The overall results of 30 epidemiologic studies of lung cancer and involuntary smoking further justify a Group A classification. In these studies, female never-smokers who are married to smokers are compared with female never- smokers who are married to nonsmokers. Higher exposures cause higher risks, and people whose spouses smoke in the home face a higher risk than that of people whose spouses do not smoke at home. In studies of ETS in the workplace, exposures are often even greater than exposure at home from spousal smoking.

While the EPA report focuses only on the respiratory health effects of involuntary smoking, there may be other health effects of concern as well. Recent studies suggest that ETS exposure also may be a risk factor for cardiovascular disease. In addition, a few studies link ETS exposure to types of cancer other than lung.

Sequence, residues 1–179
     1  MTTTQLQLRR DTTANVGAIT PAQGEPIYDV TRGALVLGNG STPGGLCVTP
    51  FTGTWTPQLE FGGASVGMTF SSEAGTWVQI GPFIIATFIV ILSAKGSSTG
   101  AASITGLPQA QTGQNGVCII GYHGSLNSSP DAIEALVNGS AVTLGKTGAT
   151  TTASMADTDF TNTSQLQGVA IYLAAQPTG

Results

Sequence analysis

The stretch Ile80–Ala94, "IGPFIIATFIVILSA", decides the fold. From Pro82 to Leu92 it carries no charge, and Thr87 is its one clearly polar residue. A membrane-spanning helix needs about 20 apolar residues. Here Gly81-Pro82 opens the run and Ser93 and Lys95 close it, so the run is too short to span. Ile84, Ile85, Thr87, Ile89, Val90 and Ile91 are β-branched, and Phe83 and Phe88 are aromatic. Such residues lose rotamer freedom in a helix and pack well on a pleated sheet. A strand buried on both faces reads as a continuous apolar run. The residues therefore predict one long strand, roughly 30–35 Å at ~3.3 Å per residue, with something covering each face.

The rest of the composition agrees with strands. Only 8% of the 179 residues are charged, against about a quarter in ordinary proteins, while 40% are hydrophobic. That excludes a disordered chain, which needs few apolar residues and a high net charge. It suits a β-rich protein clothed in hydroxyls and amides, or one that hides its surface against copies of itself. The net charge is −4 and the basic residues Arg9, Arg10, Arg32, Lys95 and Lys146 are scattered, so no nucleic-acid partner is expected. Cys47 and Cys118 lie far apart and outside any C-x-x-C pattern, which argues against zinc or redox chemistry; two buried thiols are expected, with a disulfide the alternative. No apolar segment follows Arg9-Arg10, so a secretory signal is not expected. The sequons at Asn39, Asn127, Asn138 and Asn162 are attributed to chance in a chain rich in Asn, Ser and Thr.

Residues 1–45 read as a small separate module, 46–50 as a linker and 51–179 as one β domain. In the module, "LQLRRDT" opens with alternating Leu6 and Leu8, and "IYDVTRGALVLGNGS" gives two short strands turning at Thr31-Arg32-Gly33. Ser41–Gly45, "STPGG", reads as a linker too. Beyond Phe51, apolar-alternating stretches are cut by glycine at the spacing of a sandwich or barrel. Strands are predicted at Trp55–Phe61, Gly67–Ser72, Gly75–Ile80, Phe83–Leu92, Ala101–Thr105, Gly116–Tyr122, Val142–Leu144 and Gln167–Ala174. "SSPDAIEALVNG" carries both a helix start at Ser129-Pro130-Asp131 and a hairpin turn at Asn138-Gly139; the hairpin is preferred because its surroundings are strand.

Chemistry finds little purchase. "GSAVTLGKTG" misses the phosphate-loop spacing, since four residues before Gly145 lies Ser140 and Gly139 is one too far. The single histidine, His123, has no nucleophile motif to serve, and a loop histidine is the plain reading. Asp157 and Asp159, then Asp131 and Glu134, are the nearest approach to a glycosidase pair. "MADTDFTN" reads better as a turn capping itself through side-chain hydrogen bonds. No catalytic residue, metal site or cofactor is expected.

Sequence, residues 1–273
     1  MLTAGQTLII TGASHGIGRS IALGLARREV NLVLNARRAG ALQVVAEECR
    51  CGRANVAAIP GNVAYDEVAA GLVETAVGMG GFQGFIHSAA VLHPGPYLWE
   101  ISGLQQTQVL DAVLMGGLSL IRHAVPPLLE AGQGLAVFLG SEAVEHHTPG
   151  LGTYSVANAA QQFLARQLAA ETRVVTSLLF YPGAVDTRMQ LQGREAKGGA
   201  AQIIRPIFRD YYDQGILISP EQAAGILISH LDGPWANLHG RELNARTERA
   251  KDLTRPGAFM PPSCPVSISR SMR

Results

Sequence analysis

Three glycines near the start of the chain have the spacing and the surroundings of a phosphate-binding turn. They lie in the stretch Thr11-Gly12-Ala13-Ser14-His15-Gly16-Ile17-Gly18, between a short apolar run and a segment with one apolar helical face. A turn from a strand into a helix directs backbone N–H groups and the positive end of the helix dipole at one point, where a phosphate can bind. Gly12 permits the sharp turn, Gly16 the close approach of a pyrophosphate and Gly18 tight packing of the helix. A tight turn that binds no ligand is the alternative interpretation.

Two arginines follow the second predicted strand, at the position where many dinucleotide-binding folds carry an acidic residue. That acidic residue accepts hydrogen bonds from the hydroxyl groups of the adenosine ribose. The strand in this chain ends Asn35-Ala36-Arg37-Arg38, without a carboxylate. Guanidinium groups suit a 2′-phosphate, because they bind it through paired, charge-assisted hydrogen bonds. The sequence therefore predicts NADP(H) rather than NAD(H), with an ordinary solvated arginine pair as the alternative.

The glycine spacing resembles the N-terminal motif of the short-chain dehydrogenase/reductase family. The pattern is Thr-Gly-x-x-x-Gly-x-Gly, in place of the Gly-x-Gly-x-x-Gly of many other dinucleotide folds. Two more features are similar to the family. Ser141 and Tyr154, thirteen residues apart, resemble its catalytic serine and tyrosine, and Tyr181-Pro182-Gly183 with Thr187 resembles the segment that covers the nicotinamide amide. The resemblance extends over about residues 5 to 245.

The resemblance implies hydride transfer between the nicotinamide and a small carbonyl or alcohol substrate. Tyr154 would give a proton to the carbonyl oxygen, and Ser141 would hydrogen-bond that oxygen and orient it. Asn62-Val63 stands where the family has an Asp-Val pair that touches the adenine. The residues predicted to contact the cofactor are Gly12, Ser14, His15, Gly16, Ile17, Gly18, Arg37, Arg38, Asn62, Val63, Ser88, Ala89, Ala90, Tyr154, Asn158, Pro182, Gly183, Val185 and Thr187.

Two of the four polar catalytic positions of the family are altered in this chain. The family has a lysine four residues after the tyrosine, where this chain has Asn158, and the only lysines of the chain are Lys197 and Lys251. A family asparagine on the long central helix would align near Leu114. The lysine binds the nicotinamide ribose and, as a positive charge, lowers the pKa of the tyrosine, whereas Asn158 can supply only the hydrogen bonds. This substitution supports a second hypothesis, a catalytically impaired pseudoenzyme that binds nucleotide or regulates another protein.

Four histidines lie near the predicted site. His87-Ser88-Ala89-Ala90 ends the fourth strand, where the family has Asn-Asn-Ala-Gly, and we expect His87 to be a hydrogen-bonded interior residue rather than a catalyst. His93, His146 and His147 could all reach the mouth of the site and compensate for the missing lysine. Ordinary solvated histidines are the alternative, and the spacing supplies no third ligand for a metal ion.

ETS Exposure in Infants and Children

Studies dating from the early 1970s have consistently shown that children and infants exposed to ETS in the home have significantly elevated rates of respiratory symptoms and respiratory tract infections. More than 50 recently published studies confirm these previous conclusions:

  • ETS exposure due to parental smoking, especially the mother's, contributes to 150,000 to 300,000 cases annually of lower respiratory tract infection (pneumonia, bronchitis, and other infections) in infants and children under 18 months of age; 7,500 to 15,000 of these cases require hospitalization.
  • ETS exposure is associated with increased respiratory irritation (cough, phlegm production, and wheezing) and middle ear infections, as well as upper respiratory tract symptoms (sore throats and colds) in infants and children.